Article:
But let’s go back to the Penates. Unexpectedly, Virgil confuses them with Lares. In the Aeneid (6), the Vestals seem to guard the Trojan Lares. But we know the Lares as immovable from a particular place. The Penates were instead related to people and traveled with them. Therefore, only the latter could have left Troy. However, Vergilio places the Trojan Lares in the new hearth in the crackling logs since he poetically unites them to the ancestors’ ashes. Some recurring celebrations of ancient Rome, in which there was no secret of the desire to move ashes and coals, will not seem so absurd to us then. At the origin of the translation rite, there could be the officiants planning to move the first fire of the ancestors or father fire (7). But how to reconcile the perenniality of the sacred fire with the ritual of extinguishing it and relighting it during the calends of March or the week of the spring equinox (8)? Concerning it, Heraclitus states: “This ordering of the world, the same for all \ none of the gods and men has done it, but it is / but it has always been, is, and always will be / a fire that is always alive, which is kindled and / the measurement goes off (9).”
The extinguishing and reigniting of the fire were secret rituals in which water was used. No wonder: in ancient times, it was a common belief that the only way to reinvigorate a weak fire was to extinguish it with water and relight it. The symbolism paradoxes could insert this common popular wisdom in that little hole, left free by entire generations of alchemists: “fire and water are enough for you”. On the other hand, the flexibilities offered by the ‘rule of three’ could also include this possibility.
So, Vesta’s fire had to be rekindled once it was extinguished. There were two systems: for Plutarch, it was necessary never to take the flame of another fire but to produce a new one with the rays of the sun by using mirrors (10); The other was the Phaistos system, which required the use of a fire bow made up of two auspicious pieces of woods. The fire was thus symbolically “got from above, from outside, from afar”, then carried into the temple with a bronze sieve (11).
The Vestals were subject to the Pontifex Maximus as if he were their father. He was the magic intermediary. The figure of the Pontifex of the pagan era was fascinating: he was the highest authority in charge of architectural work on or along the water. Not only that, but he was also his magical ritual tutor. And he was also strangely connected with the extinguishing-lighting rite of the sacred fire (12). Perhaps not too strange if the ritual inside the temple of Vesta involved water use, of which the Pontifex Maximus was the sacred tutor. He alone may break the limits of the Primordial Ocean and, therefore, of the magical borders of the city. Among his insignia were the dolabra, a special type of ax with a sharp blade on one side and a pointed tip on the other (13). Again, fire and water (14).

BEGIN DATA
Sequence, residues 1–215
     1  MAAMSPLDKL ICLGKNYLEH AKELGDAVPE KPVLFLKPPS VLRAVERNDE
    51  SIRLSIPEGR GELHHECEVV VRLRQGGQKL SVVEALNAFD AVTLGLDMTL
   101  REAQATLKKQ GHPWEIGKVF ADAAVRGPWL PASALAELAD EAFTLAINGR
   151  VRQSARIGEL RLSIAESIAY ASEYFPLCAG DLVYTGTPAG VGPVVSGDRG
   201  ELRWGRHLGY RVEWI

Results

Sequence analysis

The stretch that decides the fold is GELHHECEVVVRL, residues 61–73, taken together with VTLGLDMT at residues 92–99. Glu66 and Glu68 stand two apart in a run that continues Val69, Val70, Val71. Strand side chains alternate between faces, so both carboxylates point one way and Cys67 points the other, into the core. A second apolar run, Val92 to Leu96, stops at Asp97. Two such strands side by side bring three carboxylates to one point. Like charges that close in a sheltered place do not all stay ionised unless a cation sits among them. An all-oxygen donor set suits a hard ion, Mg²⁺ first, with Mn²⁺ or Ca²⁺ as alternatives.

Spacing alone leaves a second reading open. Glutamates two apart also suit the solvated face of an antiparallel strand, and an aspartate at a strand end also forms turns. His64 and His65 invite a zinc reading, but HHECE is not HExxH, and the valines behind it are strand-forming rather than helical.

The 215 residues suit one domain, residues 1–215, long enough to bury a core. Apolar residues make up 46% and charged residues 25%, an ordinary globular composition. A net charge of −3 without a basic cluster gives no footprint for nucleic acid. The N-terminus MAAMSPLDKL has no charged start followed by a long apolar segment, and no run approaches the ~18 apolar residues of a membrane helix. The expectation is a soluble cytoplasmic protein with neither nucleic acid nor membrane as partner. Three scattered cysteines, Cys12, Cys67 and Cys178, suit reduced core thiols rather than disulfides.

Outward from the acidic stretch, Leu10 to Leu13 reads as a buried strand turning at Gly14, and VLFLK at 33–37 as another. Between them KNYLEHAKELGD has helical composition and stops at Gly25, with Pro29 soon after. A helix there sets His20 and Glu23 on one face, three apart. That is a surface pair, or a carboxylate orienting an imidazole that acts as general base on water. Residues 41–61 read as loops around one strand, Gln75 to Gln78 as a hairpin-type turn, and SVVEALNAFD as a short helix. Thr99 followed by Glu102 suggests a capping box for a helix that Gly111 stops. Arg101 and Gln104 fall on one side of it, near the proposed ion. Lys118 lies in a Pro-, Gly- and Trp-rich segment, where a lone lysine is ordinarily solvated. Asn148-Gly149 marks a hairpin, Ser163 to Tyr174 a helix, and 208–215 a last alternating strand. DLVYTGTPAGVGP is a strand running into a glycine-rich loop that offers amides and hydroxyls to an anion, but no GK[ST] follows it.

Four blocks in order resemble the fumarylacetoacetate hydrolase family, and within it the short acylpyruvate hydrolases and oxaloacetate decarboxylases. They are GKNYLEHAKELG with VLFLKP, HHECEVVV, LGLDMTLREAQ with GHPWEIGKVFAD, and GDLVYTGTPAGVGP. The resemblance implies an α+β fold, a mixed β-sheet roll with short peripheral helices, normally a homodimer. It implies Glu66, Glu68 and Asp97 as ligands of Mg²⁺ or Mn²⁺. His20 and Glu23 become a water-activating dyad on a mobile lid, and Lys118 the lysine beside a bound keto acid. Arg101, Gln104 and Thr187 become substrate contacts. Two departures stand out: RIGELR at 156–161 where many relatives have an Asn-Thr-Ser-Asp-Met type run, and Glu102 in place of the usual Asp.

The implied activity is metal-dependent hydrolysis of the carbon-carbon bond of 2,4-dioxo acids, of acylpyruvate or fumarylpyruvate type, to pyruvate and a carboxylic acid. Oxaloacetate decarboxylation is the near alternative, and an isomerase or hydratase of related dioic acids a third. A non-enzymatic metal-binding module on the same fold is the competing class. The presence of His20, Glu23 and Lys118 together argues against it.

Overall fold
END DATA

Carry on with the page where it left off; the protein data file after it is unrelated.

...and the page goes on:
Iulianus, the emperor, compares the Vestals to the Horai, incorruptible guardians on the divine fire of which the earth, under the moon, was surrounded (15). Fire moves nature more than any other substance. Generation is also a movement or is accompanied by some movement. If there is no heat, all the other elements of nature remain inert (16). Ultimately, time also arises from motion.
In conclusion, we see it was sacred, not the hearth, not the fire itself, but the burning log that should never run out. The dry log crackled in the fire. Like the cicada, the fire became a pure voice. And, like the cicada, it lived on wood. Of course, this was purely symbolic. In any case, don’t underestimate the crackle of the logs. The goddess Demeter intended to make children immortal by symbolically exposing them to fire: it spoke this myth of the “baptism of fire” (17), the only one who gave immortality. We could conjecture that the chthonic deity wanted to expose them to the “crackle” of the ancestors. Without fires, without burns. In the Aeneid, Virgil tells us that Hector steals the sacred fire of Troy in a dream and delivers it to Aeneas (18)… in an oneiric transmission, they cannot deliver the material fire. In a dream, the fire cannot burn.»
1 Plato, Phaedrus, 247a.
2 Euripides, fr. 938n.
3 Artemidorus, II, 10; Herodotus, V, 92, 2
4 Marco Baistrocchi, Arcana Urbis, nota 61, pp 163
5 Cicero, Ep., IX, 22, 2
6 Aeneid, V, 743-744; IX, 257-258; Marco Baistrocchi, Arcana Urbis, pp 196.
7 Marco Baistrocchi, Arcana Urbis, pp 200-201
8 Macrobius, Saturnalia, I, 12, 6.
9 Heraclitus, fragment B 30
10 Plutarch, Numa, 9: “The mirrors must be hollowed according to the position of the sides of an isosceles right triangle so that from the circumference to the center all the points converge in a single point. When these mirrors are opposite the sun so that the rays, wherever they fall, are collected and united in the center, the air dissolves, becoming rarefied. If the rays encounter very light and dry substances, they set them on fire because, with reflection, the light has taken on the properties and strength of fire ”. Compare Vergilio, G., IV, 426-429; Pliny, N.H., II, 239; Macrobius, Saturnalia, III, 20.2.
11 Marco Baistrocchi, Arcana Urbis, p. 205; note 165
12 Ibidem, p. 151
13 L. Quilici, Roma Primitiva, p. 183; Aeneid, II, 627; V, 307
14 Varro, De Lingua Latina, V, 83: cit et uls. Ritual of confarreatio in Roman weddings: offering of water and fire in the union of the feminine and masculine.
15 Julian emperor, Helios, 150, A
16 Plutarch, Convivial Issues, VII, 4, 3; Cam., XX
17 Marco Baistrocchi, Arcana Urbis, p. 202
18 Aeneid, II, 270